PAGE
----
OBHS Physics Students Set Sail to Apply Knowledge
Oyster Bay High School Regents Physics classes took to the water to learn about the physics of sailing. The new opportunity, mostly funded through the PTA, was conducted in partnership with The Waterfront Center to enable students to apply what they learned in the classroom and make real-world connections.
“Knowing that many of the students had never experienced sailing before, we designed a culminating activity that tests their Regents Physics knowledge and includes a performance-based assessment to apply to the physics of sailing,” said Ms. Janna Ostroff, K-12 Supervisor for Science and Technology for Instruction. “This was their final project of the year before the Regents to apply all they have learned throughout the year,” she said, adding, “We are very grateful to the PTA for their support.”
Physics teacher Mr. Andrew Schlendorf collaborated with Mr. Cameron Jenness, Education Director of the Waterfront Center, to design a curriculum in which students learned both in the classroom and out on the water. Each of two physics classes spent two hours over two days on the water.
“Students were excited about it all year long and it helped to motivate them over the course of the year,” Mr. Schlendorf said. “All of the students were really engaged in the sailing and in learning how physics applied to their experience.”
The students ferried out to the sailboats and learned how to set up the boat and sails, how each part of the boat worked, how it moved, how to change direction and the quickest point of sail.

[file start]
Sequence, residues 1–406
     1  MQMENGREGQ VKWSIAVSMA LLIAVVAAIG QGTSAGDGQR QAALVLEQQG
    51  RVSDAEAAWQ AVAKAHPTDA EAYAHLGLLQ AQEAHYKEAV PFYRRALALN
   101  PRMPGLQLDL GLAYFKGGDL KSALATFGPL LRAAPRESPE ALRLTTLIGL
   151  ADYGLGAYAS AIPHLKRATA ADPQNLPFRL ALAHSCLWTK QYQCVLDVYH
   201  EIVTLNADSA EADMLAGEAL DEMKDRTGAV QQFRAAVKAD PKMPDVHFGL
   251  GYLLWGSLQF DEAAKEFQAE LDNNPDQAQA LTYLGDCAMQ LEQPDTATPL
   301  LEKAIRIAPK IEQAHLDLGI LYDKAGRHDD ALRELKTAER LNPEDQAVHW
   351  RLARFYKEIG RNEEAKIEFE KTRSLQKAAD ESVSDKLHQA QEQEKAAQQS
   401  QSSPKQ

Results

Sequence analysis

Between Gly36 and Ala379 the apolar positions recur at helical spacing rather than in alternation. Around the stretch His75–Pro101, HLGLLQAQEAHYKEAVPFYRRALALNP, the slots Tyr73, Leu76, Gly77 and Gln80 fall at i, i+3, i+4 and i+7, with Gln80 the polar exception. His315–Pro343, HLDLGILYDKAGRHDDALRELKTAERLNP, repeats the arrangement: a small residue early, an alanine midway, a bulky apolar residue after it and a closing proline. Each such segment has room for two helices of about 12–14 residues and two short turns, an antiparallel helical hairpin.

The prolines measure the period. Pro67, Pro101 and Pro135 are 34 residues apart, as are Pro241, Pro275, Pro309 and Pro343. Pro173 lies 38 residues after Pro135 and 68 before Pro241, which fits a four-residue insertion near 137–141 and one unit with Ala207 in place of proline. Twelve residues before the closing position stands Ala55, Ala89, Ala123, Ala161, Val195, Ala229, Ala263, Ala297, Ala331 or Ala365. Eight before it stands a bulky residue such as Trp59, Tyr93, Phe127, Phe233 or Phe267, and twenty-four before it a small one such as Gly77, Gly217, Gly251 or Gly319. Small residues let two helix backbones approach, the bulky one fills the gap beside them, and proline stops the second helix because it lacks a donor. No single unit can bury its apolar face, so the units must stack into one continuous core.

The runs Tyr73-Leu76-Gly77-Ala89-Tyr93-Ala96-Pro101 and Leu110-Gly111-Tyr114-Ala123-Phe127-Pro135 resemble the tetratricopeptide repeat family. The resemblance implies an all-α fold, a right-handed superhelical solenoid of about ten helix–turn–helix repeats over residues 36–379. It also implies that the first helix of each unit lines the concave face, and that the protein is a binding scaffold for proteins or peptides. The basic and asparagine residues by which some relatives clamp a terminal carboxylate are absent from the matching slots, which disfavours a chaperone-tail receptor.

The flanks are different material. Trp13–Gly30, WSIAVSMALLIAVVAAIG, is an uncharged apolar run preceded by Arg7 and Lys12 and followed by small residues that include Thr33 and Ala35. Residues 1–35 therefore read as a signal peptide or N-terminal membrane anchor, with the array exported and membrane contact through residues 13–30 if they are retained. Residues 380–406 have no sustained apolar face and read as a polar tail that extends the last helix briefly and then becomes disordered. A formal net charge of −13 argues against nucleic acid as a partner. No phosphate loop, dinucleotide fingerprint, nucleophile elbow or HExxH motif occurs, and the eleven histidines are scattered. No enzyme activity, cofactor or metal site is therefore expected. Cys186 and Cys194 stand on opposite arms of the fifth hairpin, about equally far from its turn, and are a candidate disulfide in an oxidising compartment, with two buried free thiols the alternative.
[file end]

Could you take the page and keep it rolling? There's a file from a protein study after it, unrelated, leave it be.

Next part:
“Students were surprised to discover that the boat could move much faster when going perpendicular to the wind as opposed to directly with the wind,” Ms. Schlendorf said.
In addition to the physics applications, students learned “how to rig a sail and to position the sail to allow the boat to tach and jibe to achieve its fastest possible velocities,” Mr. Schlendorf said. “Students used anemometers to measure the differences between apparent and actual winds and used physics vectors to diagram these velocities.”
“The sailing experience brought to life what we were learning in the classroom,” said junior Giuseppe Tumminello. “We learned how vectors can affect the way the direction the boat is sailing. Also, the direction of the wind and the pressure from the keel in the water traveling through the water can balance each other out so that determines which direction the boat goes.”
Physics students are ferried to the sailboats for their physics lesson.
Physics students learn how to raise the sail.
Physics teacher Mr. Andrew Schlendorf, second from left, sets sail with students and instructors from The Waterfront Center.
Students, above and below, learn how to operate the sailboat while applying their physics knowledge.
Senior Karen Sharma said, “It was fun to go on the water; the weather was beautiful and having a hands-on experience was a great way of reinforcing what we learned in class. The instructors were really informative.”